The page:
This leaves Kazakhstan with a quite objective view on future prospective of Afghanistan development. Diplomatically, Kazakhstan has demonstrated its principled neutrality, for instance by refusing to take sides in the recent Russia–Ukraine conflict. Its multi-vector foreign policy could enable Kazakhstan to engage with multiple global powers simultaneously (including the P-5) without overtly aligning with any of them.

As an added plus, Kazakhstan does not share a border with Afghanistan, nor does it have a significant ethnic diaspora that could complicate mediation efforts. There is no risk of prioritizing ethnic interests over pursuit of peace and stability.

From a perspective of economic incentives and clout, Kazakhstan is well-positioned as both a leader of and a reliable partner in the above-mentioned Middle Corridor, which seeks to diversify trade routes away from traditional regional powerhouses.

Additionally, Kazakhstan’s President Kassym-Jomart Tokayev has already been positioning his country as a key mediator in addressing the complex issues surrounding Afghanistan. Since taking office in 2019, Tokayev has leveraged Kazakhstan’s geostrategic location and diplomatic clout to foster integration with global frameworks, emphasizing the importance of constructive dialogue and international cooperation. His administration’s dedication to humanitarian concerns in Afghanistan, alongside advocating for the country’s stability and integration, mirrors Kazakhstan’s broader strategy to mitigate regional challenges such as violence, drug trafficking, and migration. Kazakhstan has also sought to expand such assistance within United Nations frameworks.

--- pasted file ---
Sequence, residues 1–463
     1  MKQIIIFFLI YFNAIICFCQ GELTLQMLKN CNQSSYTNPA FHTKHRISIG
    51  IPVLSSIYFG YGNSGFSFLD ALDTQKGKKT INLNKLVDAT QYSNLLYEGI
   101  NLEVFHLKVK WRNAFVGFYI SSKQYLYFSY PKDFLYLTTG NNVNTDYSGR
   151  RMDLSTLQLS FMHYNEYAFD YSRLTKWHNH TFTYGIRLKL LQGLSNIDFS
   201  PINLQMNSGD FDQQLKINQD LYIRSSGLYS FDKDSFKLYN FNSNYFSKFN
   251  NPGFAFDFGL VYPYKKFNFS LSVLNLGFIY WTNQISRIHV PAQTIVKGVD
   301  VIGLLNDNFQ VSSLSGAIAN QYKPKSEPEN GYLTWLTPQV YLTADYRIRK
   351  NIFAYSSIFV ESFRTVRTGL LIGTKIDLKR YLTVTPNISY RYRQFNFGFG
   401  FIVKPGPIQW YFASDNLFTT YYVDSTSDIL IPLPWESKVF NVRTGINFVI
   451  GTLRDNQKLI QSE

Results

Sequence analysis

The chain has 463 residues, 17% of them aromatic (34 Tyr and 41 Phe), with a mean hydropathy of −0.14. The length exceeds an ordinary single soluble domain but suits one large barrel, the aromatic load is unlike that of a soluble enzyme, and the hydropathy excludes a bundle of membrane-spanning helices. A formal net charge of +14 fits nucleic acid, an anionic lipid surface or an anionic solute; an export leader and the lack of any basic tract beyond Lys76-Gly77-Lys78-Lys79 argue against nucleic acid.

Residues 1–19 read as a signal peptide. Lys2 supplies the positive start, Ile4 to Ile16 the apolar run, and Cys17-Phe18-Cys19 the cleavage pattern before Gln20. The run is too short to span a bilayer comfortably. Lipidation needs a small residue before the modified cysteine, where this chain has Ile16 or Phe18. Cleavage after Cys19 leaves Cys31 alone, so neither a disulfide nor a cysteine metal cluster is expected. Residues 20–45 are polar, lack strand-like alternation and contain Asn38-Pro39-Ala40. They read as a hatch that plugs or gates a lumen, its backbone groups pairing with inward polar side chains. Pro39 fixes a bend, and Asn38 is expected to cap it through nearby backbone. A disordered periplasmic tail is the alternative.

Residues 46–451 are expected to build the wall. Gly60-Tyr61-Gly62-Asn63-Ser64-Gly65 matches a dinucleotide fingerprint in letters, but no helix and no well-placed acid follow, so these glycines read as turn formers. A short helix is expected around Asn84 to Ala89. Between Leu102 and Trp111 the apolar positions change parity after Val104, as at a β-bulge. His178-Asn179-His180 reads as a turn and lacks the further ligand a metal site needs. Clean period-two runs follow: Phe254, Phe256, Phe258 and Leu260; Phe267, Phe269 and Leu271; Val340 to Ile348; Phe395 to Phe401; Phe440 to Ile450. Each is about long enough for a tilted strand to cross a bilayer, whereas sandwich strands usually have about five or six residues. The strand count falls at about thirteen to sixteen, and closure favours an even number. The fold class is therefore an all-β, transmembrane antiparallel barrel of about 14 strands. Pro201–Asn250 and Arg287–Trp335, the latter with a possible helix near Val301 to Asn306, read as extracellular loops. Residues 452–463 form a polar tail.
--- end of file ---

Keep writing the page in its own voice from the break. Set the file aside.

In summary, Central Asia as a whole should be taken into consideration in the ongoing discussions about establishing a contact group to coordinate between Afghanistan and the international community. This will keep intact the approach set out by Antonio Guterresh – known as a “regional approach,” when Roza Otumbayeva, first Central Asian national, was appointed as a Head of the UNAMA bakc in 2022.

Within this region, Kazakhstan stands out as the most suitable country to serve as a reliable mediator. It has both the motive and the means to perform this role; it does not have an apparent ideological ambition or an ethnic diaspora in Afghanistan that could complicate its perception by local authorities, and most importantly, its diplomacy has proven to be motivated by a pragmatic understanding of geopolitical and economic dynamics (i.e., a “Realpolitik” synthesis of economic, security and political imperatives). As such, with its intricate balance of diplomacy and strategic interests, Kazakhstan has a good chance to navigate the challenges and opportunities surrounding Afghanistan and to help it succeed in future international engagements.


Aidar Borangaziyev is an expert at the Astana based Open World Center for Analysis and Prognosis